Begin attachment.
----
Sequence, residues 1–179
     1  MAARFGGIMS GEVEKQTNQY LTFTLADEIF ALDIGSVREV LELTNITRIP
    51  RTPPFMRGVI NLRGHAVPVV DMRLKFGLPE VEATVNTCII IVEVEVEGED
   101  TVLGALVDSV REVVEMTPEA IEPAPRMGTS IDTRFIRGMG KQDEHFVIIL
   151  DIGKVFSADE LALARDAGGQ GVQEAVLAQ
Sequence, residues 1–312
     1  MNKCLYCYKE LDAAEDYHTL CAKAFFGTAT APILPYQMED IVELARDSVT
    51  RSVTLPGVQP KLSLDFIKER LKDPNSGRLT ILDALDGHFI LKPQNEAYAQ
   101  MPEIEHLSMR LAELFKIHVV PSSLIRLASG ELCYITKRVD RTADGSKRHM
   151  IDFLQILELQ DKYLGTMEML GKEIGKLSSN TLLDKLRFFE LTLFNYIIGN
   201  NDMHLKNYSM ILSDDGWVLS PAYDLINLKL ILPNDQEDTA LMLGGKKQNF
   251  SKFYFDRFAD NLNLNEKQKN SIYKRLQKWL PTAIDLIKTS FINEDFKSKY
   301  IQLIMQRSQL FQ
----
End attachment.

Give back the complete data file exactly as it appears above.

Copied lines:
Sequence, residues 1–179
     1  MAARFGGIMS GEVEKQTNQY LTFTLADEIF ALDIGSVREV LELTNITRIP
    51  RTPPFMRGVI NLRGHAVPVV DMRLKFGLPE VEATVNTCII IVEVEVEGED
   101  TVLGALVDSV REVVEMTPEA IEPAPRMGTS IDTRFIRGMG KQDEHFVIIL
   151  DIGKVFSADE LALARDAGGQ GVQEAVLAQ
Sequence, residues 1–312
     1  MNKCLYCYKE LDAAEDYHTL CAKAFFGTAT APILPYQMED IVELARDSVT
    51  RSVTLPGVQP KLSLDFIKER LKDPNSGRLT ILDALDGHFI LKPQNEAYAQ
   101  MPEIEHLSMR LAELFKIHVV PSSLIRLASG ELCYITKRVD RTADGSKRHM
   151  IDFLQILELQ DKYLGTMEML GKEIGKLSSN TLLDKLRFFE LTLFNYIIGN
   201  NDMHLKNYSM ILSDDGWVLS PAYDLINLKL ILPNDQEDTA LMLGGKKQNF
   251  SKFYFDRFAD NLNLNEKQKN SIYKRLQKWL PTAIDLIKTS FINEDFKSKY
   301  IQLIMQRSQL FQ